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September 15, 2019 | Tom Ballard

PART 1: Ed Pershing reflects on his career as he prepares to retire from PYA at end of 2019

(EDITOR’S NOTE: This is the first article in a series highlighting the remarkable career of Ed Pershing, Co-Founder and Chief Executive Officer of PYA, the power behind Since I consider him more of a friend than a boss, I’m eschewing normal journalistic style to refer to him as “Ed” in this series.)

By Tom Ballard, Chief Alliance Officer, PYA

More than 45 years after joining what was then one of the “Big 8” accounting firms and 36 years after co-founding a small firm that has grown into a nationally-ranked professional services enterprise, Ed Pershing has announced that he is ready to move to the next phase of his remarkable life.

PYA is well-prepared for this transition,” he says. “We have emphasized succession planning for years, and we have a great ownership group. The firm has never been stronger or better positioned in the marketplace.”

Ed will stepdown as Chief Executive Officer at the end of 2019 but will remain active in an advisory role with the affiliates of PYA. And, he’ll continue to pursue something that has been his passion for so many decades – improving our state and nation’s healthcare system.

In an internal email to employees, Marty Brown, PYA President, cited Ed as “the person whose vision, passion, imagination, persistence, and legendary great reluctance to back away from an opportunity have led to the nationally-ranked and respected firm we are today. Achieving rankings as a top 20 healthcare consulting company (just moved up to #13 in the latest rankings from Modern Healthcare) and top 100 accounting firm nationally did not happen by accident. It started with Ed’s vision and the belief that anything could be achieved with the right dedication and the best talent.”

I first met Ed in 1985, just a little more than a year after Pershing & Yoakley CPAs was founded and located in a small office on Lyons View Pike. Over the years, the two of us would periodically discuss strategies about how to better connect the firm with the region’s technology assets, namely the University of Tennessee and Oak Ridge National Laboratory. It was just one of many passions Ed had, but it was symbolic of his inquisitive and driven nature. Little did I know at the time that those conversations would afford an opportunity for me to join PYA, but I did so on January 1, 2012. Three weeks later, we launched with Ed’s full support and encouragement.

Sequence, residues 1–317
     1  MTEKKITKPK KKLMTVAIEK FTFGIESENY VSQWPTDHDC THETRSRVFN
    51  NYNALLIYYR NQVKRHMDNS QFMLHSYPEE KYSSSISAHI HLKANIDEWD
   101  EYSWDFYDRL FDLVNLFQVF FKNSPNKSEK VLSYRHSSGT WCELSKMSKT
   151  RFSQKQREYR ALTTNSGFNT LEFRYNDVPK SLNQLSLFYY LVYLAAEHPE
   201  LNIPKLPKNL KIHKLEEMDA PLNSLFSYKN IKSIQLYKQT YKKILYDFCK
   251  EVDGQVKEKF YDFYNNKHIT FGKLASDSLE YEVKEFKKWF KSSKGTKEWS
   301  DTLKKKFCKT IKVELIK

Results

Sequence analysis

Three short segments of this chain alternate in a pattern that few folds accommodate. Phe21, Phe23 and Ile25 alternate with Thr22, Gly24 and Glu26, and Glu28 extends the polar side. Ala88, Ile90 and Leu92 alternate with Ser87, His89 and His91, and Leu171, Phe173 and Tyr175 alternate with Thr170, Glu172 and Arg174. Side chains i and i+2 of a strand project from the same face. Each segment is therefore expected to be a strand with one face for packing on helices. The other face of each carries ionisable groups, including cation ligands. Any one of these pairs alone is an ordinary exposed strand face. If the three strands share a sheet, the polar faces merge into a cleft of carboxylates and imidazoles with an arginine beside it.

Recently, the two of us sat down for an extended interview about a few of Ed’s professional journeys. They are too numerous to capture in a short series, but Ed promises he’s going to write a few books highlighting the challenges and opportunities he’s witnessed throughout his career.

The Blount County native – Alcoa to be exact – grew-up in a modest household where his parents instilled a strong learning ethic in their four sons. His oldest brother was a pharmacist, his older brother a physician, and his youngest brother was a high school teacher.

Ed’s inquisitive nature led the young accounting graduate of the University of Tennessee to join Ernst & Ernst in 1974 where he was afforded an opportunity after just two years to participate in the firm’s “Accelerated Healthcare Program.” It was a one-time national pilot initiative, and Ed credits Walter Boruff, his former Ernst & Ernst Managing Partner and mentor, for seeing his potential and nominating him for the one-year work-study training program designed to develop healthcare consultants. This was in 1976 when few even understood the concept.

It would be an understatement to say that Ed savored the opportunity. In fact, as the old adage goes, “it was game on” from there.

In six years, Ed was promoted to Senior Manager, just one step from being a Partner. “I was extraordinarily blessed at Ernst,” he says. “Ernst was great to me. I received an education you could not buy.”

While anyone who has referred to Ed as an entrepreneur will quickly learn he dismisses that description, he clearly was early in his career and still is today. Ed saw the limitations that someone with his drive and determination could face in a large enterprise that, like so many, had its own bureaucracy and distinct ways of doing things.

So, nine years after joining Ernst, Ed and fellow Ernst colleague Doug Yoakley left a “Big 8” firm to co-found their own accounting and consulting firm. “Everybody said that I was absolutely nuts, except for my parents, brothers, and Walter Boruff,” he recalls. Today, with about 370 people across the PYA Enterprise and offices in Knoxville (headquarters), Atlanta, Kansas City, Nashville, and Tampa, those doubters who are still alive might rethink their words of caution.

NEXT: The founding principles for the start-up firm that still guide PYA today.

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